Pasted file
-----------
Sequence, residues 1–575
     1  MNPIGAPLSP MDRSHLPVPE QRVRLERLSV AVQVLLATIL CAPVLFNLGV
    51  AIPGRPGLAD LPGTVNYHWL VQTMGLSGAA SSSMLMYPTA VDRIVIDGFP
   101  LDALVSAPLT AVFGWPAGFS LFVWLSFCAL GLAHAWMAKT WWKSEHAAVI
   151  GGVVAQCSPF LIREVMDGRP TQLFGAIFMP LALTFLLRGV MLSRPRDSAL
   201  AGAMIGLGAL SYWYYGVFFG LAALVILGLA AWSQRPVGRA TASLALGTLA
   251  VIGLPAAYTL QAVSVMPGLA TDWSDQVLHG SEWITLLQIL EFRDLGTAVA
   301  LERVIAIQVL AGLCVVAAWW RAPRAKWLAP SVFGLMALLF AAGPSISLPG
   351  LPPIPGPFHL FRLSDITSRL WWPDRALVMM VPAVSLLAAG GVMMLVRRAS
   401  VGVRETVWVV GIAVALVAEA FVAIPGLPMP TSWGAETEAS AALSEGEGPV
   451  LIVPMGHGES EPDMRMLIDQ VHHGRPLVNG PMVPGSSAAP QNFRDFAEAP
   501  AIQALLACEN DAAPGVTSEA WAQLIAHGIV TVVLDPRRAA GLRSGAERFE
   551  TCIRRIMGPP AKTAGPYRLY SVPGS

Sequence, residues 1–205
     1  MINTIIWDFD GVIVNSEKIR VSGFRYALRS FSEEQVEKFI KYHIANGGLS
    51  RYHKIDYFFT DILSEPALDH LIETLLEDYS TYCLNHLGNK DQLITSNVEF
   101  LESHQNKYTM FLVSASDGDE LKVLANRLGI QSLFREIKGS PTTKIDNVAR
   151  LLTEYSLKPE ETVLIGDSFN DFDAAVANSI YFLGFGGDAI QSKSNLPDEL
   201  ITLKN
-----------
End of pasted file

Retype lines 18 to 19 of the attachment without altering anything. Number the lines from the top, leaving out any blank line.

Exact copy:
   151  LLTEYSLKPE ETVLIGDSFN DFDAAVANSI YFLGFGGDAI QSKSNLPDEL
   201  ITLKN